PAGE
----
Why you should Hand Write your Thank You’s

Picture Source: http://z6.co.uk/sr7qg8

You know what its like when you get a hand written thank you card, it makes you feel special. Don’t we want to make our donors feel special?

So is it worth taking the time to hand write your thank you notes?

Its possibly not realistic to hand-write all your thank you notes, but maybe you could take the time to write one a day? Ask all your staff to write one a day.

I think by doing this something else will happen in your organisation. You will start to look at all your appreciation communications. As you hand write a note you will look for ways to relate the donation to the donor, to talk about impact, to really personalise it. Thats not something we do with mail merge. We tend to categorise donations into campaign pigeon holes and so the person that responded to mailing X gets thanks letter X and the person that donated because of event Y gets thank you letter Y.

By taking the time to hand write some notes, not only will you make those donors feel great (do it randomly too, dont just pick the big cheques), you will start to think about how you can apply this right across your organisation.

So while the idea of hand writing all your thank you notes may be a bit idealogical, you should look at how you can apply your hand written note thinking to all your thank you letters (should they be letters by the way?)

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Amnesty’s “Read it or Bin It” insert – follow up from Amnesty

I posted a few weeks ago about the insert in the UK papers that Amnesty did called Read it or Bin it (you can read that post here).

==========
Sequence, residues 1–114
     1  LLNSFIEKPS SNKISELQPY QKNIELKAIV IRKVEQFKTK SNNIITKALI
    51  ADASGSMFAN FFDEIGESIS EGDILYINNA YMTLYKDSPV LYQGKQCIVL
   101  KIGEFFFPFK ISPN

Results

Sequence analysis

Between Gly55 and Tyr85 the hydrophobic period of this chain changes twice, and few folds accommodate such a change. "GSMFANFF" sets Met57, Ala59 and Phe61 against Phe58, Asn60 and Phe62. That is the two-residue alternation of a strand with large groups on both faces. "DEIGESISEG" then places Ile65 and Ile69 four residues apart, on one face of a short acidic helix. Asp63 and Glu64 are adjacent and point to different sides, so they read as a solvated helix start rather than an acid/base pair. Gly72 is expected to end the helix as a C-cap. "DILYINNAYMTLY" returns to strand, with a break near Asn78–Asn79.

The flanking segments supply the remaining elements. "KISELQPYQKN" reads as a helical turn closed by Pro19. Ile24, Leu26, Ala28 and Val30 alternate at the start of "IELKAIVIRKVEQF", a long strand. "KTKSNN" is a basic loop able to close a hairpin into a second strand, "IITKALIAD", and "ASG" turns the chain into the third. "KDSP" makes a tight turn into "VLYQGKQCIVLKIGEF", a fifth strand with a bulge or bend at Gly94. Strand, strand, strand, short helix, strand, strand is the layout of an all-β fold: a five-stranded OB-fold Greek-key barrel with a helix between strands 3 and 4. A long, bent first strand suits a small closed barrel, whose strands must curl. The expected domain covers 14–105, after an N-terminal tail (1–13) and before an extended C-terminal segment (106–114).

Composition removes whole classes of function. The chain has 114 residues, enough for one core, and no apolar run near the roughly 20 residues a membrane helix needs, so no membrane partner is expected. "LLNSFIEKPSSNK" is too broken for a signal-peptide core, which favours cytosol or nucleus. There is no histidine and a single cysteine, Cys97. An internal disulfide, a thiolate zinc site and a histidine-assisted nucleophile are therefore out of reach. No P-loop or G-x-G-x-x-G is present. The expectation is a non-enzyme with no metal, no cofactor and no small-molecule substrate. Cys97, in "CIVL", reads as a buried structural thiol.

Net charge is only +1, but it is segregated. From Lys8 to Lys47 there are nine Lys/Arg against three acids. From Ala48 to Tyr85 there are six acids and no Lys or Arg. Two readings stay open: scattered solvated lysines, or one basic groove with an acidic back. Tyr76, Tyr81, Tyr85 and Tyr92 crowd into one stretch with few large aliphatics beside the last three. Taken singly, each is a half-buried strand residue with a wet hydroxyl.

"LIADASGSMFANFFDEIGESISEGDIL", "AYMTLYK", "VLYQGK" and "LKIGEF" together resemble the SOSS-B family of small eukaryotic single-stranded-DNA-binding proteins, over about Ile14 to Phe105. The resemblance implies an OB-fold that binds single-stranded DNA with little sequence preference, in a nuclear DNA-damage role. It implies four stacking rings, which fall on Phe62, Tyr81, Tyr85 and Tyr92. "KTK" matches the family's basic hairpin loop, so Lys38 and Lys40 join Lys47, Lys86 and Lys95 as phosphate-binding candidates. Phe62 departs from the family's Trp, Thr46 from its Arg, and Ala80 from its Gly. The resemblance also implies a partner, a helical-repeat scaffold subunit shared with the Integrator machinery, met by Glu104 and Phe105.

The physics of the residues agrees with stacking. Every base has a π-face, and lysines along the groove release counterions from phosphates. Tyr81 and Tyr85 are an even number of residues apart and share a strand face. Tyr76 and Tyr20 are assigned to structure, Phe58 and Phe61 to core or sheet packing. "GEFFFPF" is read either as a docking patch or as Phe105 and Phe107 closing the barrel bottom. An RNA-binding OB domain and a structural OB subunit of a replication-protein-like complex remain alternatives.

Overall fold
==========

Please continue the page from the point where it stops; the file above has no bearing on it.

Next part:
I asked a few questions in the post and got a really nice response from Fiona McLaren, Amnesty’s Online Communities Editor. She told me that the team werent able to share any stats (always disappointed with that) but were happy to share some of the insight into how the campaign came about, thought you may be interested to read what they had to say

“The ‘bin it’ creative was produced specifically for the insert marketplace. Learning from other successful creatives suggested that less can be more with inserts and that we should try to get the reader to the point of the ask very quickly. So it was designed to explain the work of Amnesty International in a very short, simple and engaging way. It was first tested in Feb 2010 and out-performed, both in terms of response rate and ROI, two other test pieces. We are now rolling it out to insert media we have used successfully in the past including newspapers like The Guardian, Observer, Scotland on Sunday, The Independent and Indy on Sunday and periodicals like The Week, New Statesman, Big Issue and Time Out. At the moment, we have no plans to use the creative in other acquisition mediums but we will see how the roll out campaign works before considering other acquisition activity.” – Alistair Baggs, Senior Direct Marketing Coordinator

Top Charities know what buttons to push

This is the title of a page from the An Post website where three Irish Charities share their insights into Direct Marketing. The presentations are all on the site, free to download. Worth taking a look

You can find them here

Sunday Times Rich List 2010

The 2010 Sunday Times Rich List was released yesterday.  Every Fundraiser in the country probably has one but its still a useful resource.  Apparently there will be some information online next week for those that didnt get a copy.

They do have an annual giving list, which is great, and the paper reports that:

Crucially, we find that the rich are still opening their wallets for charitable activity. Our annual Giving List shows that the top 100 charitable givers donated £2.493billion last year, down £324m from £2.817 billion the year before.

Although this represents an 11.5% fall, most of the charity accounts relate to the year to April 2009 — a period when the fortunes of the super-rich were plummeting by the day, leading to the 37% fall in their wealth reported in the 2009 Rich List. So, relatively speaking, philanthropy remains buoyant, with several windfall donations establishing foundations that will generate huge sums for generations to come.

Is this just Cause-Washing?

Piaras Kelly posted a picture of the front Page of today’s Sunday Independent on Twitter last night. Here it is